Okay, so I stole that heading from Marshall Hagins, but I loved it too much not to use it. So here’s the article that has gotten so much attention lately…
And here are the responses…
- Washington Post: Yoga Gurus go to War
- How the NYT Can Wreck Yoga (by Marshall Hagins)
- My 2 Cents about “How Yoga Can Wreck Your Body” (by Leslie Kaminoff)
- The Guardian: ‘Yoga can damage your body’ article throws exponents off balance
When I first read the article I wasn’t as worked up as some yogi’s. I took it with a grain of salt knowing that the flaws in anything can be taken out of context and made believable. Yes, it’s unfortunate that the article may scare some people away from yoga. But I think that Leslie Kaminoff said it so well that I just have to use his words… “This article said ‘shoulderstand, plow, and head stand are dangerous.’ It didn’t say, when certain people do it who have certain things going on in their body in a certain way, it can be dangerous. That’s a big fat ‘duh.’ I mean, who didn’t know that?”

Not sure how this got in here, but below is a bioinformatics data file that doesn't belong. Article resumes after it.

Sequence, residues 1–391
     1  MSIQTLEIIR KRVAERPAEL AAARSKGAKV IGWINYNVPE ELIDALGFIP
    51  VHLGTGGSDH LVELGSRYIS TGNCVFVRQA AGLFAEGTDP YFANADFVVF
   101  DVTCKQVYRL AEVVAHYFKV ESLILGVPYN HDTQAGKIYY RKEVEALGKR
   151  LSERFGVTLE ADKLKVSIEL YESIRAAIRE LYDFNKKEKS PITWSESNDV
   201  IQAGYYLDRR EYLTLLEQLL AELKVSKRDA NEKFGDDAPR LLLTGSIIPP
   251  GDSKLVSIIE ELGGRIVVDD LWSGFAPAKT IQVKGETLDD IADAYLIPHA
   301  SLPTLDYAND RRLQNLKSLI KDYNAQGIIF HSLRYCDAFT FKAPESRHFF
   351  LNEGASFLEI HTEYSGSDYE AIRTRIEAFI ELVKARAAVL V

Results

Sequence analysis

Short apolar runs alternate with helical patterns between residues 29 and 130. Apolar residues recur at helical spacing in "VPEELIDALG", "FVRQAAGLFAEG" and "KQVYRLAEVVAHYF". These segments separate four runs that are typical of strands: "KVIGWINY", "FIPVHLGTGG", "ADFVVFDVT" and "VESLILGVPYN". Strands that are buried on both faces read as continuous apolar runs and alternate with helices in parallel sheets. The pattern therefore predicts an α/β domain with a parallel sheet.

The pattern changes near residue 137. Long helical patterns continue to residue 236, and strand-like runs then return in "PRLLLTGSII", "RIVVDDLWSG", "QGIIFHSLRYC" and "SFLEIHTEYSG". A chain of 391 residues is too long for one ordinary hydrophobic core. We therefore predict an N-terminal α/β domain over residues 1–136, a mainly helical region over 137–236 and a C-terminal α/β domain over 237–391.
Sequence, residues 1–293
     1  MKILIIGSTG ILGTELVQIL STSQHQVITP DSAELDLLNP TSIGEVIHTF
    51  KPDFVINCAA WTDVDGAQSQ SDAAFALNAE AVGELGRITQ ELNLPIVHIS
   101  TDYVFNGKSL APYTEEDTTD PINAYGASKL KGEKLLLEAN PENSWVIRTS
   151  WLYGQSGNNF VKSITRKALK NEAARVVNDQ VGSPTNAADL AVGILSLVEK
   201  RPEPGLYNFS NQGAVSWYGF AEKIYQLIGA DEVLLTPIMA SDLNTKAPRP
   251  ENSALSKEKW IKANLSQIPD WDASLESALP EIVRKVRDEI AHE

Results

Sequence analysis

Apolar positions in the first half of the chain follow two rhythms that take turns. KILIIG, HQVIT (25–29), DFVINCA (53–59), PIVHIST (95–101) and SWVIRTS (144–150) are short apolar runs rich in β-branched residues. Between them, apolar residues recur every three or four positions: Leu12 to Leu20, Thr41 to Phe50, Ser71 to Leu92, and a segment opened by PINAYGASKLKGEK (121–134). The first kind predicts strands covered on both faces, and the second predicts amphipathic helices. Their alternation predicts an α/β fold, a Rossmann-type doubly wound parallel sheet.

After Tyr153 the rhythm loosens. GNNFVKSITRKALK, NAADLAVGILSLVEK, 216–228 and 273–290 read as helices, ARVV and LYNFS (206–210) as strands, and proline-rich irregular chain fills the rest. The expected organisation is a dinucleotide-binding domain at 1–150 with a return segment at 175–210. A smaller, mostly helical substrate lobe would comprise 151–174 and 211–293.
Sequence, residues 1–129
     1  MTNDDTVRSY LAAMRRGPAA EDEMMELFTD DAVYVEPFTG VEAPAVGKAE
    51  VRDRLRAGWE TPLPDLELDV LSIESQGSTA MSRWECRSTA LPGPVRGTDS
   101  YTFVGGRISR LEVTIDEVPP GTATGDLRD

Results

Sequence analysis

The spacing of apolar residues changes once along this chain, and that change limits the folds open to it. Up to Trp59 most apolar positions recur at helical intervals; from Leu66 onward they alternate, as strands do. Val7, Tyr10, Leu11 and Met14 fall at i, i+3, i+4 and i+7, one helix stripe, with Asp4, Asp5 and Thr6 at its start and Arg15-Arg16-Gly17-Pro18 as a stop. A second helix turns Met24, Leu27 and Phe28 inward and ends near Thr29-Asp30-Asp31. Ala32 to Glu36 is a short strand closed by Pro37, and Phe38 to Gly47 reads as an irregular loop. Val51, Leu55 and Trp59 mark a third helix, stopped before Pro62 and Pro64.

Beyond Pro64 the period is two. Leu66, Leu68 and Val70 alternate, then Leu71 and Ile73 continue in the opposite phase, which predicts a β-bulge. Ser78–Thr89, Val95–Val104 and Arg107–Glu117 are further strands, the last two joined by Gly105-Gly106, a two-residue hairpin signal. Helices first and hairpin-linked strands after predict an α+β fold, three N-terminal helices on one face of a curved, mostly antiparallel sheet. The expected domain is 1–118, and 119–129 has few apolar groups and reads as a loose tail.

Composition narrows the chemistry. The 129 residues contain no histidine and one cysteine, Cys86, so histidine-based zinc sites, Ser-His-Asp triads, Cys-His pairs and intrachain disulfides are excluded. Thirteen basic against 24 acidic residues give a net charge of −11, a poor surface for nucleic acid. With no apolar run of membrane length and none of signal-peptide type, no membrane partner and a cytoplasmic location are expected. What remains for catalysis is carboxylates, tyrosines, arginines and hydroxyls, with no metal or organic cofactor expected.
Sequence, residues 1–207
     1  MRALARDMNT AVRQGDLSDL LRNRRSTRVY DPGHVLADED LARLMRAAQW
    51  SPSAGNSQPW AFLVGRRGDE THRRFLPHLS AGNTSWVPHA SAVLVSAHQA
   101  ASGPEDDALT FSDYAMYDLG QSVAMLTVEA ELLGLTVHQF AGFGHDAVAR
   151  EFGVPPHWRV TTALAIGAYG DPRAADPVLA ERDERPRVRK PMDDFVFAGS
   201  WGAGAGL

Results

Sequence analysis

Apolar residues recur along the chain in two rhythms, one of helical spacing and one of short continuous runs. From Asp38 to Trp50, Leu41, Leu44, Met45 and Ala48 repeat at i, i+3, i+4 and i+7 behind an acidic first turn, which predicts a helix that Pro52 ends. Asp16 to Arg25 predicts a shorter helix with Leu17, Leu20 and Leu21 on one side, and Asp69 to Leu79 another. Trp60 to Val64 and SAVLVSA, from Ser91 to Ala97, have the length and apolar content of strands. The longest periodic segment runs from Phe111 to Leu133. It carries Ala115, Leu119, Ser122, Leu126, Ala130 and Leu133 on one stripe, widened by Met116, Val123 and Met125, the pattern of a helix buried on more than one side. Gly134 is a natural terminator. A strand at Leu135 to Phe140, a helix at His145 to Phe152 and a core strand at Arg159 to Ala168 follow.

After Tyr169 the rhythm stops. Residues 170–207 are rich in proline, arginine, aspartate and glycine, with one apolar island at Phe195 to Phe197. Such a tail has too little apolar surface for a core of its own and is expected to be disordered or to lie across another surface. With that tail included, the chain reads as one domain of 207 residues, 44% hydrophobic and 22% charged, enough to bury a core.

The reason yoga is held so high and has so many health claims is not just simply because of the poses. It’s not simply the activity. It is the state of mind that you fall into while breathing deep and stretching your body in such a way that it feels good. If you go so far that it doesn’t feel good, you shouldn’t be there. Simple as that.
“When there is a great potential for making money, quality is usually the first thing to be sacrificed. Fast food, anyone? It is unfortunate that this is exactly what we are facing now – yoga has been McDona-fied. It has been reduced from a practice that traditionally demanded dedication, discipline, sacrifice, humility, surrender, love, devotion, and self-investigation – and yes, suffering through rigorous practice – to something that one can now learn to ‘teach’ in a weekend. Or, more popularly, in a mere 200 hours you can become a bonafide, registered yoga instructor. 200 hours is spit. It is a joke. And it is a joke that is leading a tradition – one which, granted, has even in India been subject to ridicule – to an even greater harm. We have an opportunity, in the West, to bring these transformative teachings to places where they will result in the greatest good. It is true that this is already happening – in schools, prisons, hospitals, with veterans, and as well with people who simply walk into a class off of the street – but it is also true that a rotten apple can spoil the barrel, and the yoga industry apple is a mighty big apple.” ~ Marshall Hagins
We shall see what The Science of Yoga book has to bring. Hopefully not so many inaccuracies.
Happy and healthy practice to you,